After a week of intense criticism, leaders of the Southwestern Baptist Theological Seminary’s board of trustees reversed a vote by the full board to remove Paige Patterson as president but allow him to live on campus with pay and the honorary title president emeritus.
The trustee executive committee voted May 30 to remove all benefits provided to Patterson at a specially called board meeting May 22-23, including his new title, the invitation to reside as the first theologian-in-residence in a newly established Baptist Heritage Center, and “ongoing compensation.”
A statement on the seminary website attributed the turnabout to new information confirmed earlier in the day regarding the handling of the alleged sexual abuse of a student before Patterson became president of the seminary in Fort Worth, Texas.
The statement did not say what the earlier case was about or how the new information came to light, but last week the Washington Post broke a story about a woman claiming leaders of Southeastern Baptist Theological Seminary in Wake Forest, N.C., mishandled her report of a rape during Patterson’s term as president there in 2003.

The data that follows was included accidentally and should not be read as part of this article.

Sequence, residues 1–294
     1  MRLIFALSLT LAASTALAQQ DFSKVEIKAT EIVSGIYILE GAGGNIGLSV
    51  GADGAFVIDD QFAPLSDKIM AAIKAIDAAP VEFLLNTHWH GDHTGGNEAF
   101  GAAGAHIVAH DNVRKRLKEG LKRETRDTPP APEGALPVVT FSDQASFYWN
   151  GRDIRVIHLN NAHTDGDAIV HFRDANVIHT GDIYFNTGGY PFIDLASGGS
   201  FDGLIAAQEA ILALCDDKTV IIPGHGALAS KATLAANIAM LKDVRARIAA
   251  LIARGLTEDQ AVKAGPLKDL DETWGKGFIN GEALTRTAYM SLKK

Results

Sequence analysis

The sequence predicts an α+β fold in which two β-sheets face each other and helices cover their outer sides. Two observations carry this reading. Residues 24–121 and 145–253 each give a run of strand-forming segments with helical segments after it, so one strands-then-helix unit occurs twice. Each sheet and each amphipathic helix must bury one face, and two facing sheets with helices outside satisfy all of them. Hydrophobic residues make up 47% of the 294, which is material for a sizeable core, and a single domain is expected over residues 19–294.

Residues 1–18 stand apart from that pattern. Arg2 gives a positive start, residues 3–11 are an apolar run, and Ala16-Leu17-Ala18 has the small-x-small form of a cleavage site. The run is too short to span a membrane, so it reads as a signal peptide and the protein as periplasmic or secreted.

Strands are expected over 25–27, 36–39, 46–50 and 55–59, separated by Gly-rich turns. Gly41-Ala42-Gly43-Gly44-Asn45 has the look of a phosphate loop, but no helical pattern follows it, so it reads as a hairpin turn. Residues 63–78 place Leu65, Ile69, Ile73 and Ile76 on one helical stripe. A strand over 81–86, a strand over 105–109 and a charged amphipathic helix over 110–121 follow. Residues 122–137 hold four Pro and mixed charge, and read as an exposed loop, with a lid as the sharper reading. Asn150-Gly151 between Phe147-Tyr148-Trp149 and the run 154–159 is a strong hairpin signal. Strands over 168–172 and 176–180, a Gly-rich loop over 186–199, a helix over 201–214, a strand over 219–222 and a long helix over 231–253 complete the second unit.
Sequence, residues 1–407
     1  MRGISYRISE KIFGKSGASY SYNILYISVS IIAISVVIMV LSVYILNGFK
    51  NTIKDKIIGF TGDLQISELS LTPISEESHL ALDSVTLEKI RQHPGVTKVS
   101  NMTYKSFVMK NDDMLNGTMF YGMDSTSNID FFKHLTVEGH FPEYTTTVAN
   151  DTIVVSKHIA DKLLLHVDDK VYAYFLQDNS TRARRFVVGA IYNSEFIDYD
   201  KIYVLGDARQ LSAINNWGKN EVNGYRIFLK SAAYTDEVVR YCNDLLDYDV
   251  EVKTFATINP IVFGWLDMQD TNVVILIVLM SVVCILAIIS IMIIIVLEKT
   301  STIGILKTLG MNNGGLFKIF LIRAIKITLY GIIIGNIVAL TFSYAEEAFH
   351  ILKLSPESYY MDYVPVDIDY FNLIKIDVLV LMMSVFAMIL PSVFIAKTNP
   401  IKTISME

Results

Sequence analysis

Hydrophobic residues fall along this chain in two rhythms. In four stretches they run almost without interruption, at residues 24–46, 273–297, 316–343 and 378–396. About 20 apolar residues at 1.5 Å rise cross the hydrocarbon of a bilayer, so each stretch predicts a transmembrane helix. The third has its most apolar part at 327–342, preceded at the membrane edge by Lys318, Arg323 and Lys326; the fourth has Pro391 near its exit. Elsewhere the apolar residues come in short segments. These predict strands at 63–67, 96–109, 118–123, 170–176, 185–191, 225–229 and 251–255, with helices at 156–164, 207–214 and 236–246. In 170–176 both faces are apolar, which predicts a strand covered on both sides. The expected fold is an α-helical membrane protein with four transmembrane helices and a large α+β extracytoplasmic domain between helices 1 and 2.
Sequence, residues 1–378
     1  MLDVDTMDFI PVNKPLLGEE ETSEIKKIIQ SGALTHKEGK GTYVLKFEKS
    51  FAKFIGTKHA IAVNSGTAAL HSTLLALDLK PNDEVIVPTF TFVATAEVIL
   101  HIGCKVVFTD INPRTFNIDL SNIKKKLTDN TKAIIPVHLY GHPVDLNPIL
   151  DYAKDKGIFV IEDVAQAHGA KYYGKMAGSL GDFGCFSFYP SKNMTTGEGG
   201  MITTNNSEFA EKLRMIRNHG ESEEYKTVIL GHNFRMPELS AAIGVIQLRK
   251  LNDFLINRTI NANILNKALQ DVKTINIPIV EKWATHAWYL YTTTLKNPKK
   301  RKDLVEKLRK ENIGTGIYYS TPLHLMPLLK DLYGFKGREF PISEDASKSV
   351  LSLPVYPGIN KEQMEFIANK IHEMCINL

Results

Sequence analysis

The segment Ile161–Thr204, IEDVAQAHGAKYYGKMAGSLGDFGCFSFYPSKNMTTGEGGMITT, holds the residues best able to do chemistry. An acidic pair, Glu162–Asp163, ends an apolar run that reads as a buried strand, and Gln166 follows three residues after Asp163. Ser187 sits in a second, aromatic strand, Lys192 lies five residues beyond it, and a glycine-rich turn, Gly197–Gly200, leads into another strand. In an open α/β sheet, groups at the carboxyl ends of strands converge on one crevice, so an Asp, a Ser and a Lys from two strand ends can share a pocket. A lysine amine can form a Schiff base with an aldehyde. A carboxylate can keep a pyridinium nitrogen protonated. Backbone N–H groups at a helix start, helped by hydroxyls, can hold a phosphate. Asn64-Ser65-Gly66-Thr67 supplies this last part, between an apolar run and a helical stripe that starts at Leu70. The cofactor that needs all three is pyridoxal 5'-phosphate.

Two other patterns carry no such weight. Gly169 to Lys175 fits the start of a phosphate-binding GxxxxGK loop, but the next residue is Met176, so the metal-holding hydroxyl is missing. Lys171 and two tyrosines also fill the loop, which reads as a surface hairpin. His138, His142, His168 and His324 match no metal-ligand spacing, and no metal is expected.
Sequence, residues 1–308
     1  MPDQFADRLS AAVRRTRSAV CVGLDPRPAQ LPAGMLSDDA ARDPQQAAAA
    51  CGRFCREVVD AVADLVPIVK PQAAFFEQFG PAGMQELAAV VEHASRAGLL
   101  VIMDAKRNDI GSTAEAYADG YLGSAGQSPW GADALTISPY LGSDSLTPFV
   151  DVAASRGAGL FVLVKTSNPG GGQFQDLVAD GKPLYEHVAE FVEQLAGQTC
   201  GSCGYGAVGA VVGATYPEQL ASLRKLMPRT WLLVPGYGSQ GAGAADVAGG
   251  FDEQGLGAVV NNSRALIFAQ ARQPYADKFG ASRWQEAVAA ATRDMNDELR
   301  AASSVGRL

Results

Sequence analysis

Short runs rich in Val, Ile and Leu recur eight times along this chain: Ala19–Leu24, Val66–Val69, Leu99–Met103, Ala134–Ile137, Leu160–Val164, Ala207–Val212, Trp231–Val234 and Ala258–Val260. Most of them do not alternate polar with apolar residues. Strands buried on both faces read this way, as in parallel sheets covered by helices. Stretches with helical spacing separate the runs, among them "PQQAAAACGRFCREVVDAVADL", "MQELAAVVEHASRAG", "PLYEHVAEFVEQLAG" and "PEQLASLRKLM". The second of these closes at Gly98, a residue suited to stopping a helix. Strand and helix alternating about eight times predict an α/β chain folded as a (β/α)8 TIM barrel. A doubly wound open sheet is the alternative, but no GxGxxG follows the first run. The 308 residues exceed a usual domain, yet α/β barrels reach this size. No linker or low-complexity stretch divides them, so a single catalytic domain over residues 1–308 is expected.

Patterson, 75, came under criticism a month ago when audio from an old sermon surfaced of him saying he once sent a woman complaining about an abusive spouse to return to the home and pray for her husband. When she came back with two black eyes, he told her he was “happy” not because of her bruises but because her husband felt guilty after beating her and as a result accepted Christ.
Since that revelation a number of women have come forward with allegations of misogyny by Patterson both while he was president at Southeastern Seminary from 1992 until 2003 and since he replaced ousted president Ken Hemphill 15 years ago at Southwestern.
Last week’s vote by a majority of trustees appeared to be a compromise between Southern Baptists who wanted Patterson to be fired and those who honor him for his role in the “conservative resurgence,” a movement he started with Houston layman Paul Pressler to halt a perceived liberal drift in the Southern Baptist Convention beginning in the 1970s. The solution satisfied neither side.
Wednesday’s vote by the trustee executive committee raises new questions, including whether Patterson will voluntarily withdraw from his invitation to preach the convention sermon at the upcoming annual meeting of the Southern Baptist Convention in Dallas or risk action from the floor to have him removed.